Wednesday, October 11, 2017

Antonio Canova's wingless angel comes to light at the Tefaf New York

THE NEW YORK TIMES
By Eve M. Kahn
A plaster copy of one of the 18th-century Italian sculptor Antonio Canova’s works will go on public view on Oct. 28 at the Tefaf New York show at the Park Avenue Armory. Credit Nicholas Knight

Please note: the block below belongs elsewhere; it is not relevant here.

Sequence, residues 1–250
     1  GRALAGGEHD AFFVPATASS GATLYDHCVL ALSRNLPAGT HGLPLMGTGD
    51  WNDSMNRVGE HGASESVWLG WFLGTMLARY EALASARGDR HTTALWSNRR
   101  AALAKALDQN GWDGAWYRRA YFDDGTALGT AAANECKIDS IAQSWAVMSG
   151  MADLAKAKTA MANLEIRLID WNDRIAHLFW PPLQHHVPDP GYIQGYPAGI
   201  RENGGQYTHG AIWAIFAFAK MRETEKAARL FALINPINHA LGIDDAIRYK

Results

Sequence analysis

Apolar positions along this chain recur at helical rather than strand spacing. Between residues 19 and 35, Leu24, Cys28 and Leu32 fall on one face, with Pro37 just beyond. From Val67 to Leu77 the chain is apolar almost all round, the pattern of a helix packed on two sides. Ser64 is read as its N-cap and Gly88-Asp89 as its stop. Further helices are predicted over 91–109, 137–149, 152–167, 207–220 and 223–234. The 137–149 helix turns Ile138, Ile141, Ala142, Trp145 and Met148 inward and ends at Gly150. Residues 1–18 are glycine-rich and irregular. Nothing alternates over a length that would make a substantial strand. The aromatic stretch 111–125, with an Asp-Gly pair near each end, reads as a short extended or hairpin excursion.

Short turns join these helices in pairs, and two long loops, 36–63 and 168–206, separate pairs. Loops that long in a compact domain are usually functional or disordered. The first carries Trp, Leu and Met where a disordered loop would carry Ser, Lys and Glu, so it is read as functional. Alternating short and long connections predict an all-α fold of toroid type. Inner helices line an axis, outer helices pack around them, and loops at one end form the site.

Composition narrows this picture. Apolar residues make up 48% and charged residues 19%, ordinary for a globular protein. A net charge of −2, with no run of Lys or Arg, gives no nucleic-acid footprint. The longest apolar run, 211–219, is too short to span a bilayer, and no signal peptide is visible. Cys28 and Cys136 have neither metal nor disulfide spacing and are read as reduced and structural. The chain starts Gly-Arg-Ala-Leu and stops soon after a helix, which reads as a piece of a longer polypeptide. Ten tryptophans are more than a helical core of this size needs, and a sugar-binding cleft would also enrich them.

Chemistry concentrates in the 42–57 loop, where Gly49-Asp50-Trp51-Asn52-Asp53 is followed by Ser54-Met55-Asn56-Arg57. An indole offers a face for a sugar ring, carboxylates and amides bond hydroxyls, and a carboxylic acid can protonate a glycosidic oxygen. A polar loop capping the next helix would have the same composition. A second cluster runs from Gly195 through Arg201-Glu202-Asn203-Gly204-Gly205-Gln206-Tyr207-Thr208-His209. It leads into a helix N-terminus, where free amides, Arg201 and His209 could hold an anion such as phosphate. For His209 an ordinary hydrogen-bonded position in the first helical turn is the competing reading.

The 18th-century Italian sculptor Antonio Canova made only a few plaster copies of his marble statues, as gifts for friends and patrons. One of the plaster works, which had ended up largely forgotten at a villa near Florence, will go on public view on Oct. 28 at the Tefaf New York show at the Park Avenue Armory. Trinity Fine Art, a Milan gallery, has priced it at $4 million. It represents a wingless angel, about five feet tall, pressing one hand to a brow in a gesture of grief. The original marble version, which has wings, was carved around 1790 as part of a monument to Pope Clement XIII at St. Peter’s Basilica in Rome. Canova cast the plaster copy for his patron Girolamo Zulian, a Venetian ambassador in Rome. [More]